The state of Illinois reported 1,173 additional cases of COVID-19 on Monday, bringing the state's total to 22,025 since the pandemic began.
State officials also reported 74 additional deaths associated with the virus, bringing the death toll to 794 statewide.
A total of 105,768 people have now been tested statewide for the coronavirus, with more than 5,000 tests taking place over the last 24 hours.
The report comes as state officials express guarded optimism that "stay-at-home" orders and social distancing are beginning to have an impact on the spread of the disease.
During his daily press conference on Saturday, the governor said that the state has begun to see a lower rate of increase in terms of both new coronavirus cases and the number of hospitalizations related to COVID-19, and while he’s not ready to say that the state is beginning to reach its peak number of cases, he did say that he’s pleased with the results that officials are beginning to see.
Get the latest news on COVID vaccines in your inbox. Click here to sign up for our coronavirus newsletter.
“What we’re seeing is a flattening of the curve. It means a lower rise in hospitalizations than was originally anticipated. That’s a really good sign,” Pritzker said. “Hospitalizations, ICU beds, and ventilator use are the most real way you can track how the virus is moving and whether it’s expanding exponentially, and what we’re seeing is a flattening of that curve.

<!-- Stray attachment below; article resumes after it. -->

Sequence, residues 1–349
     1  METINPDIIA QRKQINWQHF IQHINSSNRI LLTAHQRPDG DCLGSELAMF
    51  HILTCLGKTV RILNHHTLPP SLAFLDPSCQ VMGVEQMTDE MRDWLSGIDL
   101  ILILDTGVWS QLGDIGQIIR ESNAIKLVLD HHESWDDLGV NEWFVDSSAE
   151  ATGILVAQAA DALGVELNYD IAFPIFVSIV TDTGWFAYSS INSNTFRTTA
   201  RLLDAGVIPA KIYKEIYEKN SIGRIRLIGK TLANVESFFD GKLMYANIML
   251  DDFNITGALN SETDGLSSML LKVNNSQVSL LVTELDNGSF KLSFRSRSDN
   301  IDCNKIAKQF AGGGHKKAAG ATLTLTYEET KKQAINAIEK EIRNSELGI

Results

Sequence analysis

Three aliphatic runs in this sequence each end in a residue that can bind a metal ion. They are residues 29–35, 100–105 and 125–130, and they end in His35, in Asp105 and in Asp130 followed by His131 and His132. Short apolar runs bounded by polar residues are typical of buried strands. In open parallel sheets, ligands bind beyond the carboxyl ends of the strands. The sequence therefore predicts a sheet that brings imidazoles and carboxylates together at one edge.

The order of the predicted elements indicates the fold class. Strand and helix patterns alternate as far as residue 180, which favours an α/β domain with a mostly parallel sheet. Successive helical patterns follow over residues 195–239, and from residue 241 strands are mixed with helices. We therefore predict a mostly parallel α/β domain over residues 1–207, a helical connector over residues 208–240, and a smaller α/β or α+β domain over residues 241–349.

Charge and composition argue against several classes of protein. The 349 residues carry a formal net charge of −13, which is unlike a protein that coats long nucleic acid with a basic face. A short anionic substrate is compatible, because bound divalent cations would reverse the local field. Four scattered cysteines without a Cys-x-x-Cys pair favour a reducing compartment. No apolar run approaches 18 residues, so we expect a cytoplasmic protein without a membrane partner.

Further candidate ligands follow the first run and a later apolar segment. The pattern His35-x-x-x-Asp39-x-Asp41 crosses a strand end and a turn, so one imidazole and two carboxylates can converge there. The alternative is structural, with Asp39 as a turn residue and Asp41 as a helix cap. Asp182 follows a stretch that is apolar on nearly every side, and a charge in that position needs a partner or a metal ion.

Other reports have also indicated that the spread of the virus is slowing. A Bloomberg report, using data from Rush University Medical System, indicates that the rate of coronavirus cases in Illinois is doubling roughly every eight days, a huge improvement from mid-March when the rate was doubling every two days.
Even still, Governor Pritzker and other officials have warned the public to continue abiding by social distancing guidelines and stay-at-home orders, saying that until additional tests for the virus itself and tests to indicate if an individual has antibodies for the virus are more widely available, the state will not be able to aggressively re-open the economy.
Officials say 87 of the state's 102 counties have now reported cases of the virus, as Johnson County reported its first case on Monday.
Chicago and Cook County remain the areas hardest hit by the virus, while Will County has reported nearly 1,300 cases of the virus, along with 63 deaths.